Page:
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GAINESVILLE, Fla. — Agricultural science could make huge leaps forward if scientists had reliable ways to examine seeds and accurately predict the physical characteristics of the fully grown plants that would result.
University of Florida forest genetics expert Matias Kirst leads a multi-institution academic team that recently obtained a four-year, $2 million grant from the National Science Foundation to develop better methods of predicting the traits spawned by individual genes and groups of genes in plants, in this case the Eastern cottonwood tree, Populus deltoides.
“We’re thrilled that our previous work in this area has put us in a position to win this critical grant to help us bridge some important gaps in trait prediction,” said Kirst, an associate professor with the UF School of Forest Resources and Conservation, part of the UF Institute of Food and Agricultural Sciences, or UF/IFAS.
The grant award provides more proof that the UF/IFAS forest genetics program is among the best in the world, said Jack Payne, UF senior vice president for agriculture and natural resources.
“Matias Kirst is one of our bright stars in the School of Forest Resources and Conservation,” Payne said. “This grant will support world-class scientific investigation that could make it much faster and easier to determine which new crop cultivars have commercial potential or other significant value.”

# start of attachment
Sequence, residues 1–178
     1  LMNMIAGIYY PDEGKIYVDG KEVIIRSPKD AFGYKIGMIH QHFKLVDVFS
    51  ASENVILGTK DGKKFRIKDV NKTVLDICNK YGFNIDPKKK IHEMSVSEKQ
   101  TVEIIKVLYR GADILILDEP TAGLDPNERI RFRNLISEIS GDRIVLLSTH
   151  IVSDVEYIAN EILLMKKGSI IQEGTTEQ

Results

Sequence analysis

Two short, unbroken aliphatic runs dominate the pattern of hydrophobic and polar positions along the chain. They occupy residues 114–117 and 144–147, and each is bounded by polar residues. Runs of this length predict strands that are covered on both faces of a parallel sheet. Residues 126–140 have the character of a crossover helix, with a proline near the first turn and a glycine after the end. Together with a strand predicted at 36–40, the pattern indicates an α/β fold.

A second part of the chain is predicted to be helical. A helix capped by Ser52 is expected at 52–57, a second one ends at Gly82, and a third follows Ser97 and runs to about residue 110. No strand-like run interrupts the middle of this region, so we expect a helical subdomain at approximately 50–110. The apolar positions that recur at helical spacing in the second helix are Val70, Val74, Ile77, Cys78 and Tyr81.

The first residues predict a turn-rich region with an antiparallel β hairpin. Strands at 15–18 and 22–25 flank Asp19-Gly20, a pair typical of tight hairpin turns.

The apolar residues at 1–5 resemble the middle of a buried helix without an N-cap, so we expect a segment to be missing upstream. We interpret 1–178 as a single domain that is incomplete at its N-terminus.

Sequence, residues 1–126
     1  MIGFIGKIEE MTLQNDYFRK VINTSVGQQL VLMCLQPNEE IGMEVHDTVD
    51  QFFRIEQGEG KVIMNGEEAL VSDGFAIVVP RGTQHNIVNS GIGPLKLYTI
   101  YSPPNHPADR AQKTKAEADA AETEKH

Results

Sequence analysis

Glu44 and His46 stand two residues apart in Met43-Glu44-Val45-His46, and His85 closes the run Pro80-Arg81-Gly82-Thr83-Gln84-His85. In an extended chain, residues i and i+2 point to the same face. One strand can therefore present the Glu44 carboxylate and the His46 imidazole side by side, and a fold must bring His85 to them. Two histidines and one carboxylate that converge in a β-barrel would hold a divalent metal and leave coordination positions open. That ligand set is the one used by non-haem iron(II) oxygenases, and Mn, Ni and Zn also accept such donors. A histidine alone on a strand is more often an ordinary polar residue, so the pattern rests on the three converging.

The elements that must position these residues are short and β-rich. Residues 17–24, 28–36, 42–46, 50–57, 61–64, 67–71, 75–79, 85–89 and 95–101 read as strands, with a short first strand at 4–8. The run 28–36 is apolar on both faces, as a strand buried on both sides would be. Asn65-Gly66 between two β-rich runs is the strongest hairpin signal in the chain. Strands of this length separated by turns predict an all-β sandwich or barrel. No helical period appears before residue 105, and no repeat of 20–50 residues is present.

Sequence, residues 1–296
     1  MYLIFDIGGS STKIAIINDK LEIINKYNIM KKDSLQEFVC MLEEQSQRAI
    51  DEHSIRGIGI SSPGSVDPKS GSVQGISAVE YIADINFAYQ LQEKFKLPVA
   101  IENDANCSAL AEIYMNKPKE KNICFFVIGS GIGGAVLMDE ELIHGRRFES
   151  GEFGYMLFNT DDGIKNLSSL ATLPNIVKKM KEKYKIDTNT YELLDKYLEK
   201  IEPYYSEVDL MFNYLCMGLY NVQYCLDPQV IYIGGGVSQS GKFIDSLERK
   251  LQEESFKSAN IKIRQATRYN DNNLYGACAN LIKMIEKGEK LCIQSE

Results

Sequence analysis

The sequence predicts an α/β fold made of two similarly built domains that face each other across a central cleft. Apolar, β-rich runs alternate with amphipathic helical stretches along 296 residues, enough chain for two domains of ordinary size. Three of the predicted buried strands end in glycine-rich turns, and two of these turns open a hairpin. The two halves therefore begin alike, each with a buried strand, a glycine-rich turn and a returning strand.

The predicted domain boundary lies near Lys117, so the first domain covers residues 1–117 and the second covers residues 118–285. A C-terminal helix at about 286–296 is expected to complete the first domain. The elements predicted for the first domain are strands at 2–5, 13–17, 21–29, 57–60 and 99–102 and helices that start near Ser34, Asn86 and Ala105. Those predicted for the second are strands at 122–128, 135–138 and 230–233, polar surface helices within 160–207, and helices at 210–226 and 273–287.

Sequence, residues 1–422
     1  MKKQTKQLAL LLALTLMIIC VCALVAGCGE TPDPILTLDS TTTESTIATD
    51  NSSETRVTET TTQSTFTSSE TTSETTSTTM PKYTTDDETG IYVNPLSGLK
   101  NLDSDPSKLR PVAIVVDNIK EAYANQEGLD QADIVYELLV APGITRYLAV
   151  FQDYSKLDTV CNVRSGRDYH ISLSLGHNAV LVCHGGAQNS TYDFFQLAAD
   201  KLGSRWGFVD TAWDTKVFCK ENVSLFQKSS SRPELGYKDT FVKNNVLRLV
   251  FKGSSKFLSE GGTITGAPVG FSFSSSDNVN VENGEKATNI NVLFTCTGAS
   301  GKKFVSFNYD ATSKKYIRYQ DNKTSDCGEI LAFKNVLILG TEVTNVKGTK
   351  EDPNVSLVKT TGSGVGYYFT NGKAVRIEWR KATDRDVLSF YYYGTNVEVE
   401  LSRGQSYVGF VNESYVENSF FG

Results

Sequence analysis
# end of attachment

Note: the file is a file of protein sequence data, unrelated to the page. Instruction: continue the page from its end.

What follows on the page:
The team includes three co-principal investigators, William Barbazuk, an associate professor with UF’s biology department; Marcio Resende, chief executive officer with the genetic analysis firm RAPiD Genomics; and biostatistics expert Gustavo de los Campos, an associate professor with Michigan State University
The researchers are especially interested in exploring how genomics affect gene expression, Kirst said. In turn, this information will be linked to how genes contribute to economically important traits, including disease and pest tolerance, drought resistance and productivity.
Kirst is well-known for excellence in research, outreach and teaching, and was an ideal candidate to serve as principal investigator on the project, said Jackie Burns, UF/IFAS dean for research and director of the Florida Agricultural Experiment Station, which oversees the entire UF/IFAS research enterprise.
“Matias has made great strides forward in using analytical methods that simplify this research field,” Burns said.
The Eastern cottonwood was chosen for the project, Kirst said, because the tree hasn’t been subject to many breeding efforts, whereas popular commodity crops have often been so selectively bred that scientists can’t access the plant’s original suite of genetic variations easily. With Eastern cottonwood, the team has access to a large population of adult trees that includes many naturally occurring genetic variations.
“We already have identified the genes that control some traits in Eastern cottonwood,” Kirst said. “So we’re adding on top of that, looking into things like the factors controlling gene expression and protein synthesis, because knowing that could help give us the full picture of how DNA sequence gives rise to a whole plant.”
Writer: Tom Nordlie, 352-273-3567, firstname.lastname@example.org
Sources: Matias Kirst, 846-0900, email@example.com
Jack Payne, 352-392-1971, firstname.lastname@example.org
Jackie Burns, 352-392-1784, email@example.com
Photo cutline: Forest genetics expert Matias Kirst, an associate professor with the University of Florida’s Institute of Food and Agricultural Sciences, leads a team that recently won a four-year, $2 million federal grant to improve methods for predicting the traits adult plants will possess, by analyzing the DNA in seeds. UF/IFAS photo by Tyler L. Jones